Another little detail, Marsblade is the only company currently pushing the envelope on skate frame technology. Very little has been done here in the past 20 years. Sprung frames were on to something. Mission tried a couple things over the years, but nothing has stuck. Marsblade frames can drastically affect skating, so we hope this steers the ship into a new direction of innovation where other companies might compete with their own idea.
We hope to carry Marsblade products soon! We'd love to be in the position of introducing ice hockey skaters to outdoor hockey. That's our thing!
Roller hockey IMPROVES your stride
The myth of roller hurting your ice game can now be considered busted. A long list of NHL players, including superstar Connor McDavid, have touted using roller blades as a tool to improve their game.
Back to current times, the new R1 frame is out.
Big claims again! Roller Hockey is about to change!
Their new hype video - https://www.youtube.com/watch?v=F99nmpNxs3U
So yes, I'm interested. Especially now that they have 'solved' some of the issues with wheel size and by using metal at least on half of the frame... I fell for it last time. I'm a smarter consumer now.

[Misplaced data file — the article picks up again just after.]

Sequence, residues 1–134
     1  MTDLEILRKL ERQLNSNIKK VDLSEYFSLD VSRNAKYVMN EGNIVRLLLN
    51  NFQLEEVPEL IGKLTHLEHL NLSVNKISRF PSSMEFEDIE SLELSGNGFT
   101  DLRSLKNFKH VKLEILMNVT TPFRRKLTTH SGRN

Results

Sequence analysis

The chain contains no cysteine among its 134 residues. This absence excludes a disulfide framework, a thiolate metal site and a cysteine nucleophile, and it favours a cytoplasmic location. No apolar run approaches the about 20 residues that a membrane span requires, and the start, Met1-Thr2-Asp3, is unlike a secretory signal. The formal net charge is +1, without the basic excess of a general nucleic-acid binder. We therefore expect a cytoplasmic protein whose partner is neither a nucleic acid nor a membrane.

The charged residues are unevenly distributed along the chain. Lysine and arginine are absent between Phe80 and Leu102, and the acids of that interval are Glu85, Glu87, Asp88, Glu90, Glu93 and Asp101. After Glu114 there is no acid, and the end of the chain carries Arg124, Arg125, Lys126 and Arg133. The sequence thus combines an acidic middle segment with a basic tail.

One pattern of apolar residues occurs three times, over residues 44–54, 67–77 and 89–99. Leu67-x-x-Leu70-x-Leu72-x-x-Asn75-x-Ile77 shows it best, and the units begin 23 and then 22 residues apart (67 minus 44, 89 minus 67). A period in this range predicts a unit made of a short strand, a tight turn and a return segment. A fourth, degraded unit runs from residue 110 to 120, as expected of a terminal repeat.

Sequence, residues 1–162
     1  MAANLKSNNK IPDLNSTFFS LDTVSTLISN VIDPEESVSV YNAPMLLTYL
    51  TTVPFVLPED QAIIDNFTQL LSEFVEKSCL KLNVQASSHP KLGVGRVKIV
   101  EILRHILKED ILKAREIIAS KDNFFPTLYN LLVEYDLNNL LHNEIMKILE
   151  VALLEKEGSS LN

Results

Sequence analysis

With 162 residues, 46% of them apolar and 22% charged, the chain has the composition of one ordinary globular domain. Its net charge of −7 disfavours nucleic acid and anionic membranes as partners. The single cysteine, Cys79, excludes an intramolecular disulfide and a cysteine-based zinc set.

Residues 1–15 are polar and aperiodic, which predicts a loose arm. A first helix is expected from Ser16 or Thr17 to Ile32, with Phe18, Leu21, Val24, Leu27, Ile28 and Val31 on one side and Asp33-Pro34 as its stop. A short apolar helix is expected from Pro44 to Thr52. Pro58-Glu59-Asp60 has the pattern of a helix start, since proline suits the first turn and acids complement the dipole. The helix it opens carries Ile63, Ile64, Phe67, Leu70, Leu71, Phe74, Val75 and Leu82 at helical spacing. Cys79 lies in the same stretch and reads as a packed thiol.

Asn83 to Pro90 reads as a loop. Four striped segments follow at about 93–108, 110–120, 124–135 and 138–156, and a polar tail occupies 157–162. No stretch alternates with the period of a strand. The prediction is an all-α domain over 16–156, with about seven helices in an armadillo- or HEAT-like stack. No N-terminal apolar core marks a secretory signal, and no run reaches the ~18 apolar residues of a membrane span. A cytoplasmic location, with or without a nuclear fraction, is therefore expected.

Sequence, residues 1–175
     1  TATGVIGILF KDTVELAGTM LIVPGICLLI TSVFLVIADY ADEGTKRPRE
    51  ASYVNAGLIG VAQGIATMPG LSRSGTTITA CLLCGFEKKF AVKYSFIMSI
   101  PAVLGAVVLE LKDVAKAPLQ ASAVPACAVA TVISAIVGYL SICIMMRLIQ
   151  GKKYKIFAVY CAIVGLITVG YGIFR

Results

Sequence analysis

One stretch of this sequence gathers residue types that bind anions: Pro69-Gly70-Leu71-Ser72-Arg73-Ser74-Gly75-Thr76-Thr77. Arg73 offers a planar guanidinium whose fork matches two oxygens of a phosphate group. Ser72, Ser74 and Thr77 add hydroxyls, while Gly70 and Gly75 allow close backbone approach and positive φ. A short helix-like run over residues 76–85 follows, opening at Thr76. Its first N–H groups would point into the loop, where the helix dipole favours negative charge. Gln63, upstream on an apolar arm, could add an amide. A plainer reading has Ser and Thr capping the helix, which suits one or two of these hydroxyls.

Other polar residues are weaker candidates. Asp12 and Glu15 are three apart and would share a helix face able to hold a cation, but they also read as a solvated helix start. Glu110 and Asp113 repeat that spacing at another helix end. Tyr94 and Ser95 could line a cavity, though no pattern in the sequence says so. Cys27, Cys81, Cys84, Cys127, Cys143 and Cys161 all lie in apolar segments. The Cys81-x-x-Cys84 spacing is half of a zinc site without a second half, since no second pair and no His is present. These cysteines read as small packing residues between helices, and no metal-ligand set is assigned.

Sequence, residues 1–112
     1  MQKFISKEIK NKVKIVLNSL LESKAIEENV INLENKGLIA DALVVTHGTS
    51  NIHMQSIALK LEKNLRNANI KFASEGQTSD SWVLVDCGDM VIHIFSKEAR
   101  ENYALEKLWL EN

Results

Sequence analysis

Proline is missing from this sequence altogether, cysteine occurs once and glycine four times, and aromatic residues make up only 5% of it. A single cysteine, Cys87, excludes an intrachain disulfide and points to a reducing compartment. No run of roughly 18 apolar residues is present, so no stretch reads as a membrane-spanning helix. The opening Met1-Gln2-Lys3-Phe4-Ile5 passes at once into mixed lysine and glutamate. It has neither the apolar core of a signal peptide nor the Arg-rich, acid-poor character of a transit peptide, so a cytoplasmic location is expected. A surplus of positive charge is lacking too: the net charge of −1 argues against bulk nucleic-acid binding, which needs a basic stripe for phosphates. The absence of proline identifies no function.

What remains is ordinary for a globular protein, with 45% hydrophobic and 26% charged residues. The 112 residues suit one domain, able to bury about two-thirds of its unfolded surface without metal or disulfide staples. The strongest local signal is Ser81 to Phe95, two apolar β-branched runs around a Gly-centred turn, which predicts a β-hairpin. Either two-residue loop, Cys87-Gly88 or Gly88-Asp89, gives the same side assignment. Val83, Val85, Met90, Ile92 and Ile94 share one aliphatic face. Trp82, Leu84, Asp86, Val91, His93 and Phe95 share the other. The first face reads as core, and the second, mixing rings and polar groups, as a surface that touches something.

So, I've ordered my R1 and I'm excited to see if I notice any benefits. Without having them, some interesting pieces already..
Early Impressions of the R1:
At this point we've received them and just started playing around with them.The frames still weigh 2-3x more than a high end CNC frame.
But hey, maybe weight isn't everything...
Ordered frames to install to a True TF7 skate for myself. But the Medium frame feels too small for the 8.0 True skate. So will be ordering a Large frame soon.
In the meantime, recently received my Alkali Revel 1 / Marsblade R1 Combo and have played a few games with that. (wanted to remove the install variability and test it as they intend, as far as mounting positions).
Interestingly you can see it is set back to the heel more vs being equally balanced (toe wheel is recessed slightly). Which is one of the questions you have to ask when you are mounting the frames unless they are on the PERFECT size boot. Ensure the back-most axle is under your heel or have it symmetrical with the front.
First impressions, not much room to skate in the shop.. I couldn't even feel the rocker, so, no risk of face-planting off the hop... way better!
Game 1 I had to take the skates off mid-way to deal with some hot spots but the next game there was no issues bootwise. I also had hardly thought about the frames which was another good sign.
I've made it through a few games and not only am I not dying to go back to the Hi-Lo, when I did put on my Vapors, a little part of me was missing the smooth motion of the R1 frames. Still need more testing!
More R1 install experiences: